The Open Door Web Site
HISTORY OF SCIENCE AND TECHNOLOGY
Sir Joseph Norman Lockyer (1836 - 1920)
Joseph Norman Lockyer was born in Rugby, England and, after he completed his schooling, he continued his education in Switzerland and in France. He joined the British War Office in 1857, working as a civil servant. At the same time he pursued his interests in science, particularly in astronomy. Lockyer bought his first refracting telescope in 1861 from Thomas Cooke. He built an observatory in his house in West London and began is observations by turning his telescope on Mars. Lockyer gave his first paper to the Royal Astronomical Society in 1863.
In 1864 Lockyer started using a spectroscope with his telescope and began his observations of the Sun. At that time, the observations of the solar prominences could only be made during a solar eclipse and many astronomers travelled the world to make their observations in the right place at the right time! In 1868, Lockyer proved that, with the right equipment, the spectra produced by solar prominences could be recorded without having to wait for a solar eclipse.
Another astronomer, Pierre Jansenn, working in France, had reached the same conclusion as Lockyer and credit for the discovery was given to Lockyer and Janssen. By 1869, the two scientists were collaborating in their attempt to identify a new element that showed itself on the Sun's spectrographs. Janssen had noticed the presence of this new element in 1868 when he had observed a total eclipse from India. Lockyer compared the spectrum of this element to those of all known elements and, just like trying to match fingerprints, concluded that this was, indeed, an element that had not been discovered on the Earth. The new element was given the name helium, after the ancient Greek god of the Sun, Helios. It is now known that helium is, in fact, the second most common element in the solar system!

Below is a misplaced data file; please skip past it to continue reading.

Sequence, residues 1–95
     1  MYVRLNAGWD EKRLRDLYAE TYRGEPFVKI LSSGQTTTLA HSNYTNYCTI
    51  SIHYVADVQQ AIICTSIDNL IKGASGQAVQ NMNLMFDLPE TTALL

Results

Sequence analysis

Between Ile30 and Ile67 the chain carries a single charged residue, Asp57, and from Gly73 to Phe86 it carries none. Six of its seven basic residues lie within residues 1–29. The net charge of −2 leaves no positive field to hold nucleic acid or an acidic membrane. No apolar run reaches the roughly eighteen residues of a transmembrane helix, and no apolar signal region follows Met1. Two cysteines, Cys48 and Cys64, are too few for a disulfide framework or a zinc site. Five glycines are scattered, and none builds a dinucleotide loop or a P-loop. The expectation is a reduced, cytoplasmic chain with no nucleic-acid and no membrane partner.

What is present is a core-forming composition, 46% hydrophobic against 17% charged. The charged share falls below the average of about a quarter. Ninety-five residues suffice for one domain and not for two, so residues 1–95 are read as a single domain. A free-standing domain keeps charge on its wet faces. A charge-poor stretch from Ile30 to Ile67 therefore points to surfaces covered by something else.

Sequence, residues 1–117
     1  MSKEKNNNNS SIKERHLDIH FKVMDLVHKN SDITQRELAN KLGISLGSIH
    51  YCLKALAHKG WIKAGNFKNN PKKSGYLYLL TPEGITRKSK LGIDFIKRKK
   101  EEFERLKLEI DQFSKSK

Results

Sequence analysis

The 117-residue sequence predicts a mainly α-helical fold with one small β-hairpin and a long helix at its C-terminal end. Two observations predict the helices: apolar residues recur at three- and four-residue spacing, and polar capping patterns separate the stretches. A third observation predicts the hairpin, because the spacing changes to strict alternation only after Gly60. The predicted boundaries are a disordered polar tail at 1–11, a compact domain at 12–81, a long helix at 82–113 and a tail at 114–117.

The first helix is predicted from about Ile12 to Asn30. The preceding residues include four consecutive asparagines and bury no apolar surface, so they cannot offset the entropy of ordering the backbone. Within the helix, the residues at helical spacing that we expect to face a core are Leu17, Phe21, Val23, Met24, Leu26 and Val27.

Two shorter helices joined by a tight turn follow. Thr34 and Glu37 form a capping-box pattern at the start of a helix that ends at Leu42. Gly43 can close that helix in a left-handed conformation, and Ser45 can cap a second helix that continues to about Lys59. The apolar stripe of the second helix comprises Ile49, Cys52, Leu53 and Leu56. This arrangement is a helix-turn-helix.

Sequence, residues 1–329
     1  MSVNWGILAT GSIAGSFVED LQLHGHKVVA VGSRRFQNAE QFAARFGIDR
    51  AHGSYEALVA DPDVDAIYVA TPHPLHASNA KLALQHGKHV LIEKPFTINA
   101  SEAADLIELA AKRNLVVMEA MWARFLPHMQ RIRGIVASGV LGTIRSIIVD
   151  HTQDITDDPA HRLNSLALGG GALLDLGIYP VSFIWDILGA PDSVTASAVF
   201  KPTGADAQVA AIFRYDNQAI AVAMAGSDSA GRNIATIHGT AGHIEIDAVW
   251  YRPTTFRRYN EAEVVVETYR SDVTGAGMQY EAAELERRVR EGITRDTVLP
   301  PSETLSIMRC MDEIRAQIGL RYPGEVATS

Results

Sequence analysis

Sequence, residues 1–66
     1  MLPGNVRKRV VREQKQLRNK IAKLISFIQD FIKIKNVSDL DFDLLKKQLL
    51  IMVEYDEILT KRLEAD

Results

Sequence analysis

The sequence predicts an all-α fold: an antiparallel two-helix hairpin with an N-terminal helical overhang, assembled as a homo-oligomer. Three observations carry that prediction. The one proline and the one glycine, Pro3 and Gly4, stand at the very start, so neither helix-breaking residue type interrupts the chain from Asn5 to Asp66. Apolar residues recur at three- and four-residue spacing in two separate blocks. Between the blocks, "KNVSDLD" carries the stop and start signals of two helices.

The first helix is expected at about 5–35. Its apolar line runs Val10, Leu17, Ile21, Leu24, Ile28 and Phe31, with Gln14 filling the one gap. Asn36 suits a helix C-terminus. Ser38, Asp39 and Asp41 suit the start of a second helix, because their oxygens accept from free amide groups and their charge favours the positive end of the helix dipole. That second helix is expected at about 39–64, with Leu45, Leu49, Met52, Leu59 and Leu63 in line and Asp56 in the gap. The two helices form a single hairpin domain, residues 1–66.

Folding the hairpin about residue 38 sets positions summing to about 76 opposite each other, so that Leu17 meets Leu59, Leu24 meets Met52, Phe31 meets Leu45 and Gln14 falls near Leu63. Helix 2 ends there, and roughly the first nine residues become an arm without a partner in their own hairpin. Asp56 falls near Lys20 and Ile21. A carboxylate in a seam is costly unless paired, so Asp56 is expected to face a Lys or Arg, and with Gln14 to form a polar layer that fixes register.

Public Domain Image
Lockyer founded the scientific journal Nature in 1869 and, in the same year, he became a fellow of the Royal Society (FRS). In 1870 he became the secretary to a five-year project, the Royal Commission on Scientific Instruction. The final report of this commission resulted in the construction of a solar physics laboratory in Kensington, London. In 1875, the year the project came to an end, Lockyer was knighted. He was appointed as the first professor of Astronomical Physics at the Royal College of Science, (now Imperial College), by the British Prime Minister. He was also the Director of the solar physics laboratory in Kensington.
Lockyer retired in 1913 when the solar physics laboratory was relocated to Cambridge. The London building became part of the Science Museum. Lockyer moved to Sidmouth in Devon where he established a solar observatory, at first called Hill Observatory, but now known as the Norman Lockyer Observatory.
The Open Door Web Site is non-profit making. Your donations help towards the cost of maintaining this free service on-line.
Donate to the Open Door Web Site using PayPal